Sunday, March 19, 2006

Are warrantless searches putting terrorism cases in legal danger?

American citizens are the victims and targets of physical warrantless searches by their government.

Three months ago, U.S. Attorney Karin Immergut in Oregon received a note from Thomas Nelson. Nelson has apparently been the target of physical searches:

In an interview, Nelson said he believes that the searches resulted from the fact that FBI agents accidentally gave his client classified documents and were trying to retrieve them. Nelson's client is Soliman al-Buthe, codirector of a now defunct charity named al-Haramain, who was indicted in 2004 for illegally taking charitable donations out of the country. The feds also froze the charity's assets, alleging ties to Osama bin Laden. The documents that were given to him, Nelson says, may prove that al-Buthe was the target of the NSA surveillance program.

The searches, if they occurred, were anything but deft. Late at night on two occasions, Nelson's colleague Jonathan Norling noticed a heavyset, middle-aged, non-Hispanic white man claiming to be a member of an otherwise all-Hispanic cleaning crew, wearing an apron and a badge and toting a vacuum. But, says Norling, "it was clear the vacuum was not moving." Three months later, the same man, waving a brillo pad, spent some time trying to open Nelson's locked office door, Norling says. Nelson's wife and son, meanwhile, repeatedly called their home security company asking why their alarm system seemed to keep malfunctioning. The company could find no fault with the system.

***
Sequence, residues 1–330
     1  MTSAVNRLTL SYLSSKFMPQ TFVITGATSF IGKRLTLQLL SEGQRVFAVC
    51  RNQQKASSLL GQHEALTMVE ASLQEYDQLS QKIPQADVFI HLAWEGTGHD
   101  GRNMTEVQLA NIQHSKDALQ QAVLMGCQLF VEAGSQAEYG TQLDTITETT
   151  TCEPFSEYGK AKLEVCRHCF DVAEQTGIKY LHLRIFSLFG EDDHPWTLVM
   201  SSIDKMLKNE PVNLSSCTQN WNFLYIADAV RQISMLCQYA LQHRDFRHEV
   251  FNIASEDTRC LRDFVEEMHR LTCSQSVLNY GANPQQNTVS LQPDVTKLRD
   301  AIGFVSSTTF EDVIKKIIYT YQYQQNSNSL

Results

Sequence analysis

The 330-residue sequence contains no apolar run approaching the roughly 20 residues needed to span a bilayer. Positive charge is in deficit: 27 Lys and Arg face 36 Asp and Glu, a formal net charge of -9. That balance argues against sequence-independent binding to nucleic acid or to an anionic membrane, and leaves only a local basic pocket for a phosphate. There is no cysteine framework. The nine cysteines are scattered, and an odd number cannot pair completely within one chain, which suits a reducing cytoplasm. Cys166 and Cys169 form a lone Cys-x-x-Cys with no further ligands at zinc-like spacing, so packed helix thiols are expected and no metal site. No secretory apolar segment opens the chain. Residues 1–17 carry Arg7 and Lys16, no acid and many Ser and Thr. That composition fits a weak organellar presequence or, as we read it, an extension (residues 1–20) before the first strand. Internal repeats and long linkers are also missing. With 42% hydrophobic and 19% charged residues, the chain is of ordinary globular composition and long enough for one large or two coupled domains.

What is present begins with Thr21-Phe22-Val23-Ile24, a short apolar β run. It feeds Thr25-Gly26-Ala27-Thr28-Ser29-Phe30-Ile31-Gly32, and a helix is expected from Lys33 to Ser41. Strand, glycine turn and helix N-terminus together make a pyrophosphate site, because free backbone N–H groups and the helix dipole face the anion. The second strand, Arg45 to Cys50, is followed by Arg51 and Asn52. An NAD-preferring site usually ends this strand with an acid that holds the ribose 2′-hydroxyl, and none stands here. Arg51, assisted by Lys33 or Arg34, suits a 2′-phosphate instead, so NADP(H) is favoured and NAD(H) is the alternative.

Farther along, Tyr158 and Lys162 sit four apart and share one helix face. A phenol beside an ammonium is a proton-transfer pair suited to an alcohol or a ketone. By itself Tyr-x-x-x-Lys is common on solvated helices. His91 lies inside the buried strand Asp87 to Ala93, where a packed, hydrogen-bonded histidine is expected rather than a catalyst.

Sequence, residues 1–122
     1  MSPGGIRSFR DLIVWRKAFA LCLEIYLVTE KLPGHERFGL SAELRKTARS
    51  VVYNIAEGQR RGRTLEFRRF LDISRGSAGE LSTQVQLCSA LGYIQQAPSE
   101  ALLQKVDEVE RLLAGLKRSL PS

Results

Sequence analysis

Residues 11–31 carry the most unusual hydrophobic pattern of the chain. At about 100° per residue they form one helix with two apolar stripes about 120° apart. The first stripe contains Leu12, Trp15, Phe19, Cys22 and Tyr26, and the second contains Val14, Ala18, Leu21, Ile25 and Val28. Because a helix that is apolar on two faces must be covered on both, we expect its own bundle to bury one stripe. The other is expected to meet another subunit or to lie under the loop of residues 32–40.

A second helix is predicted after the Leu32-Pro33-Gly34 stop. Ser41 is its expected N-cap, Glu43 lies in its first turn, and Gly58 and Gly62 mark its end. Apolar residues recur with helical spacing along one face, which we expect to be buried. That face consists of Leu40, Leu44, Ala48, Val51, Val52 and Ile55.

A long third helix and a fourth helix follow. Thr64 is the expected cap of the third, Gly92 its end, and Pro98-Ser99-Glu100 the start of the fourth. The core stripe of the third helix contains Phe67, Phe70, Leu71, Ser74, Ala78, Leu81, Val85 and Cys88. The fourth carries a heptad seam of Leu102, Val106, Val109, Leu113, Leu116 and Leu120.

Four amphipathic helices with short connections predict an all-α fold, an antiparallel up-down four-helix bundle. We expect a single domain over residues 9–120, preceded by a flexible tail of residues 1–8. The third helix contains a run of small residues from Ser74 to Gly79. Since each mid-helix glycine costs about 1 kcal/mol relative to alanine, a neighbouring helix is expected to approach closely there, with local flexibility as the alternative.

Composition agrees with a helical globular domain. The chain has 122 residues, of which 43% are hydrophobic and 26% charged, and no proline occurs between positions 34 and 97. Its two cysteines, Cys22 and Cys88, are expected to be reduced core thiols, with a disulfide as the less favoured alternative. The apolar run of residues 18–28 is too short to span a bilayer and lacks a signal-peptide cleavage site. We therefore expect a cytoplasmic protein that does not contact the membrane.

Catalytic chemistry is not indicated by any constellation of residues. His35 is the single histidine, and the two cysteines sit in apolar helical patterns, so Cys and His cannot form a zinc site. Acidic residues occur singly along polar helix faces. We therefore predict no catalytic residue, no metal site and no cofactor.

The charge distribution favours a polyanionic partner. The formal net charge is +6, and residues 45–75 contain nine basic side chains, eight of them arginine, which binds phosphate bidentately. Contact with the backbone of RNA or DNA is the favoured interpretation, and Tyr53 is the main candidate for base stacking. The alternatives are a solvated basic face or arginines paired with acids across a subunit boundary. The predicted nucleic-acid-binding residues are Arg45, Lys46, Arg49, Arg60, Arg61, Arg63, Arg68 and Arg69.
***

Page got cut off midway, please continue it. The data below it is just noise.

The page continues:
Nelson, along with two other civil rights attornies from Portland have filed a lawsuit in District Court against the NSA of behalf of the charity.

Immergut has assured Nelson that the US Attorney's Office will not target terrorism suspect's lawyers without a warrant.

But will the District of Oregon US Attorney's Office use evidence against American citizens that has been retrieved without the benefit of a warrant? It certainly does put the Deparment of Justice in a tenuous legal position. How can such evidence stand up to Constitutional scrutiny? And does it put cases of real terrorism suspects in jeopardy?

Oregonians need to be asking themselves if they'll be allowing the federal government to use such evidence and if they'll allow the feds to continue operating in our jurisdiction. I'm no lawyer and certainly no Constitutional scholar. Do the citizens of Oregon have recourse against an entity of the federal government that's in an apparent violation of the Fourth Amendment?

(hat tip: Firedoglake)